NewEnergyNews: QUICK NEWS, January 2: Today’s Kids Will Pay For Climate Change Tomorrow; Sharing Wind And Sun In The West; Where Community Solar Is Working

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YESTERDAY

  • TODAY’S STUDY: Testing Grid Modernization State By State
  • QUICK NEWS, November 12: What Big Oil Is Doing About Climate Change; A Tale Of New Energy In Two States
  • THE DAY BEFORE

  • Weekend Video: New Energy In The Midterms
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    THINGS-TO-THINK-ABOUT THURSDAY,:

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    Founding Editor Herman K. Trabish

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  • TODAY AT NewEnergyNews, November 13:

  • TODAY’S STUDY: The Many Values Of Solar Power Plants
  • QUICK NEWS, November 13: This Is What It Looks Like; Astonishing Things About New Energy, Part 1

    Tuesday, January 02, 2018

    QUICK NEWS, January 2: Today’s Kids Will Pay For Climate Change Tomorrow; Sharing Wind And Sun In The West; Where Community Solar Is Working

    Today’s Kids Will Pay For Climate Change Tomorrow Climate Change Places a Major Economic Burden on Future Generations

    Brad Bergan and Chelsea Gohd, January 1, 2018 (Futurism)

    “…[T]here is a growing body of research concerned with how rising temperatures will specifically affect humans…[and a new study looks] even farther ahead at how rising temperatures might affect our children…[It finds] there could be a link between heat waves during childhood and lower earnings in adulthood…[E]very day in a child’s life between conception and age one when temperatures rose above 32 ˚C (roughly 90 ˚F) is associated with a 0.1 percent decrease in average income at age 30…[T]his means that too many sweltering days of youth corresponds to a slightly lower chance of ultimately achieving a higher income…The paper notes that fetuses and infants are ‘especially sensitive to hot temperatures because their thermoregulatory and sympathetic nervous systems are not fully developed’…[but] doesn’t directly explain how this sensitivity leads to financial instability later in life…[but it suggests that] as with so many other things in life, our children may inherit our mistakes.” click here for more

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    Sharing Wind And Sun In The West How to Get Wyoming Wind to California, and Cut 80% of U.S. Carbon Emissions; High-voltage direct-current transmission lines hold the key to slashing greenhouse gases.

    James Temple, December 28, 2017 (MIT Technology Review) “…Once complete, the [1,000 turbine Chokecherry and Sierra Madre wind project] could generate around 12 million megawatt-hours of electricity annually, making it the nation’s largest wind farm…[The developer also hopes to build the TransWest Express Transmission Project, a 730-mile, $3 billion, high-voltage direct-current transmission line to deliver] as much as 3,000 megawatts of Wyoming wind power to the electricity markets of California, Nevada, and Arizona. With the right deals in place, the transmission line could deliver solar-generated electricity back as well, balancing Wyoming’s powerful late-afternoon winds with California’s bright daytime sun…[Transmission isn’t sexy but a growing body of studies conclude that the time-consuming, expensive] building out a nationwide network of DC transmission lines could hold the key to enabling renewable sources to supplant the majority of U.S. energy generation, offering perhaps the fastest, cheapest, and most efficient way of slashing greenhouse-gas emissions…” click here for more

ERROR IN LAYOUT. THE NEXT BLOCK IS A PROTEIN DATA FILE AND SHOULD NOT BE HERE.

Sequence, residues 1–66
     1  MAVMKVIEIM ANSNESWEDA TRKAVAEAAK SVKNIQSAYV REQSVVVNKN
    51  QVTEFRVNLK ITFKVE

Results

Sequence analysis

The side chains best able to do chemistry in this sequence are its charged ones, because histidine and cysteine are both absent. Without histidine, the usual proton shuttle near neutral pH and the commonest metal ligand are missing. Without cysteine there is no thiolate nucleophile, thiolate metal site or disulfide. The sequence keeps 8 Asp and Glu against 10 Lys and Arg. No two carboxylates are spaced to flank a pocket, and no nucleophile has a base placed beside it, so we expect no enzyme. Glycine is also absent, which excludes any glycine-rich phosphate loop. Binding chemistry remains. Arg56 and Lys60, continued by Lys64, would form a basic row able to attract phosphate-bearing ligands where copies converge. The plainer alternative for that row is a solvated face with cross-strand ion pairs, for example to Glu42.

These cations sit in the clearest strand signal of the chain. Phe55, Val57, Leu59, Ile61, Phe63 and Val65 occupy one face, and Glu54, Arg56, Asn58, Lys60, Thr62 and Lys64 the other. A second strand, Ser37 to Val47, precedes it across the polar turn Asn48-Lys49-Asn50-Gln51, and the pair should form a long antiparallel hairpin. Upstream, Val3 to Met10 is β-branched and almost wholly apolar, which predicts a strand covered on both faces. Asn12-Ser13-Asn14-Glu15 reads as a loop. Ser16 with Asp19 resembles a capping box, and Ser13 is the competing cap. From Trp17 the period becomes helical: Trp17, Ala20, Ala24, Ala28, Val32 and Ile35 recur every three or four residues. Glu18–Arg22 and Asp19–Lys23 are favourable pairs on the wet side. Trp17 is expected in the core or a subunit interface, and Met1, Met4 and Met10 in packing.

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    Where Community Solar Is Working Chippewa County in Minnesota is solar industry's latest frontier

    Tom Cherveny, January 2, 2018 (Duluth News Tribune)

    “…[The latest frontier in the solar power industry's growth in Minnesota is] where workers are completing the third of three solar garden projects undertaken in the past year…Berkshire Hathaway Energy, working with Geronimo Energy, is developing the solar gardens as part of Xcel Energy's Solar Rewards Community Program.…[The companies have now developed three projects representing 8 MW of capacity and each] megawatt can power about 1,300 average Minnesota homes…[Xcel Energy] offers the country's largest community solar garden program] with 246 megawatts in service, and more than 400 megawatts of projects in the design or construction phase…The program allows customers to buy solar panels in the gardens, and receive a credit on their electric bills for the power produced by them. Originally, many community solar gardens required customers to pay the upfront costs of a panel, perhaps as much as $8,000, and recoup their investment over time…Current programs are more popular, allowing consumers a pay as-you-go option [with a full pay off of panels that produce for 25 years or more] in anywhere from 10 to 15 years…” click here for more

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